– T = receptive language percentile rank for age 88%ile to 42%ile; mean = 63%ile

     – NT = receptive language percentile rank for age   95%ile to 14%ile; mean = 63%ile

 

    

  • overall language skills:

     – T = core language percentile rank for age 95%ile to 42%ile; mean = 70%ile

     – NT = receptive language percentile rank for age   97%ile to 39%ile; mean = 69%ile

 

 

  • Percent Consonants Correct (PCC):

     – T = 100% to 92.6%; mean = 95.8%

     – NT = 98.1% to 87.4%; mean = 94.5%

 

  • reading:

     – T = word identification percentile rank for age 95%ile to 26%ile; mean = 57%ile

     – NT = word identification language percentile rank for age   99.9%ile to 43%ile; mean = 65%ile

 

     – T = word attack percentile rank for age 96%ile to 33%ile; mean = 60%ile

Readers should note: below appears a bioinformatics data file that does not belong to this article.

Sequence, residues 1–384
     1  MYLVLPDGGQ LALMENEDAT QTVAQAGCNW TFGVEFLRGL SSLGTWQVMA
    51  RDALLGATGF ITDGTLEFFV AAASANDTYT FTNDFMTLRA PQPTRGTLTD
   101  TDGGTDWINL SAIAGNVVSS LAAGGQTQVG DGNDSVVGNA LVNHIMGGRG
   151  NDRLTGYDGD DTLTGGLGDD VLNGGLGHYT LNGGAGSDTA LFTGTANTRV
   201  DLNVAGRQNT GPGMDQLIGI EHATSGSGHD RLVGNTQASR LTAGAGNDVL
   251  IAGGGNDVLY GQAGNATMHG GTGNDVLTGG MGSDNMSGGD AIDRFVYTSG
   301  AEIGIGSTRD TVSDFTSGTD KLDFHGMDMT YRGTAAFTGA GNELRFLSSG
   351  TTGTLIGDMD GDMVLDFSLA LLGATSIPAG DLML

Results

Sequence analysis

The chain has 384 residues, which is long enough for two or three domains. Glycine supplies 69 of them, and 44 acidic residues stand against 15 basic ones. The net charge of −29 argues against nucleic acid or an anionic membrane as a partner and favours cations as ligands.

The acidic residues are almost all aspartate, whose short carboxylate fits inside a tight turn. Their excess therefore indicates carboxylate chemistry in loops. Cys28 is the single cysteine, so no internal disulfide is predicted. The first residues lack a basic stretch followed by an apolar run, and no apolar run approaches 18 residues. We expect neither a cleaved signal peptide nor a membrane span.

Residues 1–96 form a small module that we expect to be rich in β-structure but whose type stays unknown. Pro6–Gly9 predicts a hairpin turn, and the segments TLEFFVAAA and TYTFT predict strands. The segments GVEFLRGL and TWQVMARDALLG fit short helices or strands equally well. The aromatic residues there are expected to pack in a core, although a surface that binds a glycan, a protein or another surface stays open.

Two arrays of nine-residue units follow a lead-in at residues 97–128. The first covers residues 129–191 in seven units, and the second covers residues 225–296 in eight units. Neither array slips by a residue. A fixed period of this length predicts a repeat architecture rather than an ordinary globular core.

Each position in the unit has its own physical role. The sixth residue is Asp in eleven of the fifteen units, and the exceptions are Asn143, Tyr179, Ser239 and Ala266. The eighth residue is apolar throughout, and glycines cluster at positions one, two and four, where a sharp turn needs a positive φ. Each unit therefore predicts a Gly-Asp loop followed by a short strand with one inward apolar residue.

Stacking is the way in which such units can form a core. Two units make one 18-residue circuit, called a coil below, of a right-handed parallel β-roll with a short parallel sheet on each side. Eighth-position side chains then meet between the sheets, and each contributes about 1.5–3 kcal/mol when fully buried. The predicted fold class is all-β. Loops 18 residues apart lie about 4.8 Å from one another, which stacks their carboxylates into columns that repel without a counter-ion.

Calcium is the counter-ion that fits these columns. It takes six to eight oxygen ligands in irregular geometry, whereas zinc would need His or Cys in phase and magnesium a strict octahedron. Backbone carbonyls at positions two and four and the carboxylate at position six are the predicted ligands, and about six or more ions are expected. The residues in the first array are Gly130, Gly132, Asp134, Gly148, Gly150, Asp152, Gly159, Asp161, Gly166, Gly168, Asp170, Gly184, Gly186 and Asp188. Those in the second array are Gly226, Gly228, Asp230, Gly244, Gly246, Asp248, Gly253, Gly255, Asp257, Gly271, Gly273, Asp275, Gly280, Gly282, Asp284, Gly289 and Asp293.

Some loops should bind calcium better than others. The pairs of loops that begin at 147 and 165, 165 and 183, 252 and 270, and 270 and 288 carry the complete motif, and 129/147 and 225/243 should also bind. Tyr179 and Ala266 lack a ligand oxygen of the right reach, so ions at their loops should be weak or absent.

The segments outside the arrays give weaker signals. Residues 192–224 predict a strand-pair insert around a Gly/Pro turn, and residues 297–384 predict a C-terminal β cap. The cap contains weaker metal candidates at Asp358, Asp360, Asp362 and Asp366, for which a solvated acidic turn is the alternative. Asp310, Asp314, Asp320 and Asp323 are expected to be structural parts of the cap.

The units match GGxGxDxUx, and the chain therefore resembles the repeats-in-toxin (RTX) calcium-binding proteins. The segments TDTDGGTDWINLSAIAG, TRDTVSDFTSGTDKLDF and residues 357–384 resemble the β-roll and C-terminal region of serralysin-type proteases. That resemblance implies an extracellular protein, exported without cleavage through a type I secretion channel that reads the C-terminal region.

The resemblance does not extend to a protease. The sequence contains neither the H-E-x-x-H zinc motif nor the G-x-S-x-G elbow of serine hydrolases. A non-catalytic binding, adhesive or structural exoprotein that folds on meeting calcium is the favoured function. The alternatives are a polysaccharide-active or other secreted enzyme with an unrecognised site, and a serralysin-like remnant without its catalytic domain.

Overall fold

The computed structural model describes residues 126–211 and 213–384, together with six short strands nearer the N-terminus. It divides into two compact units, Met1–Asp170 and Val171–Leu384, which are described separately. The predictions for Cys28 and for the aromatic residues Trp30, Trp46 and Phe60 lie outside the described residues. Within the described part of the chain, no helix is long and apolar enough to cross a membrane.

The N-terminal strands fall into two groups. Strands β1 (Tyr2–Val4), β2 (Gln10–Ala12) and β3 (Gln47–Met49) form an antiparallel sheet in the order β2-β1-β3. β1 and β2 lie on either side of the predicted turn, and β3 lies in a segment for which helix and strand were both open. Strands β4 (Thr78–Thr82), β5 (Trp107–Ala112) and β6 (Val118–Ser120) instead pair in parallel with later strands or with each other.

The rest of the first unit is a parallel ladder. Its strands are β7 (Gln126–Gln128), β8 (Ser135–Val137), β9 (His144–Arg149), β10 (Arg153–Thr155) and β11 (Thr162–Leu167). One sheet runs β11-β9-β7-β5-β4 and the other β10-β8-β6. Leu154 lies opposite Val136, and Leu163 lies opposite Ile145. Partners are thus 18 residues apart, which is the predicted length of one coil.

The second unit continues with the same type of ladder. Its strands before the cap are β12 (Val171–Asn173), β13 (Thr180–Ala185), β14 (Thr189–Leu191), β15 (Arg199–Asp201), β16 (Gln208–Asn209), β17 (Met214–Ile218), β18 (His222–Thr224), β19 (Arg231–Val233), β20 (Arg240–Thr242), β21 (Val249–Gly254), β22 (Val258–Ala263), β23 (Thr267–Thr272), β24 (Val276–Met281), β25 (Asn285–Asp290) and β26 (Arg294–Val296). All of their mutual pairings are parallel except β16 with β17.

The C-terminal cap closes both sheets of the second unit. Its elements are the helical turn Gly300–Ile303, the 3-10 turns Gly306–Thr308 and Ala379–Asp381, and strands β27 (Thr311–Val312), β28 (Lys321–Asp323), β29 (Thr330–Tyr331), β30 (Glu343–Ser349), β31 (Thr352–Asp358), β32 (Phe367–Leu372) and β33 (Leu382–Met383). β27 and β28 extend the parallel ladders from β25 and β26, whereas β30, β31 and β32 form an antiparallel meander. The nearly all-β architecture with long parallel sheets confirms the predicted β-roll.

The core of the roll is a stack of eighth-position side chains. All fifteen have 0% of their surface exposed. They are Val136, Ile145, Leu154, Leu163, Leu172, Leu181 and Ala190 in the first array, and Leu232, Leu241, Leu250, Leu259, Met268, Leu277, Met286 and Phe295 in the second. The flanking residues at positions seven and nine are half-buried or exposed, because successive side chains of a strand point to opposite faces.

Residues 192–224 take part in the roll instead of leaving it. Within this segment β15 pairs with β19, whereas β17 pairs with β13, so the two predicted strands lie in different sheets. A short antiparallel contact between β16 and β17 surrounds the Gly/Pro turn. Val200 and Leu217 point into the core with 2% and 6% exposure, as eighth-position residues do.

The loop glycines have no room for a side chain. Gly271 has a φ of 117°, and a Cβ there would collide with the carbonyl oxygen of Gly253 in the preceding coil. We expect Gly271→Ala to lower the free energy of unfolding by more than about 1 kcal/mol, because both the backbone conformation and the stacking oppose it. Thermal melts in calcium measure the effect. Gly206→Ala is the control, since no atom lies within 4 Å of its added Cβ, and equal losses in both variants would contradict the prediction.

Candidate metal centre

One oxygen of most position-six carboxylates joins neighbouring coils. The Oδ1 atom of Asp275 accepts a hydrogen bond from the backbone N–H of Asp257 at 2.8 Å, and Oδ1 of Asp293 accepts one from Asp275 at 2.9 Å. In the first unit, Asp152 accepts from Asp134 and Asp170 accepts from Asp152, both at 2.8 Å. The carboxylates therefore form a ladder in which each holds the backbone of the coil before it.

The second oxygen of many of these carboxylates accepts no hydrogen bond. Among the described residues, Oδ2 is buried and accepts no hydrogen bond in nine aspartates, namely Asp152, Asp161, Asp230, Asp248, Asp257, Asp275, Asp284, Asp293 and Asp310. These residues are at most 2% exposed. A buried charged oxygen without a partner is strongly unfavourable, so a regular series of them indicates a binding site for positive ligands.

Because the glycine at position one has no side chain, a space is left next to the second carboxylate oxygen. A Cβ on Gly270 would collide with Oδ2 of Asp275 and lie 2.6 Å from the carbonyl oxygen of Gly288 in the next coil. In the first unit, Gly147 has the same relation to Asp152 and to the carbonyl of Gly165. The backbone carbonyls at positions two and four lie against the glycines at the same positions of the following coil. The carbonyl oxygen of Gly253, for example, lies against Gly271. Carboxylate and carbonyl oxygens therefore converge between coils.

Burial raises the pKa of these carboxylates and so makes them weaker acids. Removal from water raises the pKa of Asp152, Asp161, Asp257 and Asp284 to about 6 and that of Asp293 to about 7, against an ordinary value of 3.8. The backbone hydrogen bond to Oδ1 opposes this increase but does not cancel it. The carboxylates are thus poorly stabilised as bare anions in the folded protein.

– NT = word attack percentile rank for age   95%ile to 35%ile; mean = 69%ile

 

     – T = core language percentile rank for age 95%ile to 42%ile; mean = 70%ile

     – NT = receptive language percentile rank for age   97%ile to 39%ile; mean = 69%ile

 

     – T = basic skills cluster percentile rank for age 98%ile to 44%ile; mean = 9.90%ile

     – NT = receptive language percentile rank for age   97%ile to 40%ile; mean = 69%ile

 

  • Socio-economic Status: middle class

 

  • Race: Caucasian

 

 

– Were the groups similar? Yes, there were no significant differences in the speech, language, and reading measures.  

                                                         

–  Were the communication problems adequately described? Not Applicable (NA)—all Ps were typically developing (TD.)

 

 

  1. What were the different conditions for this research?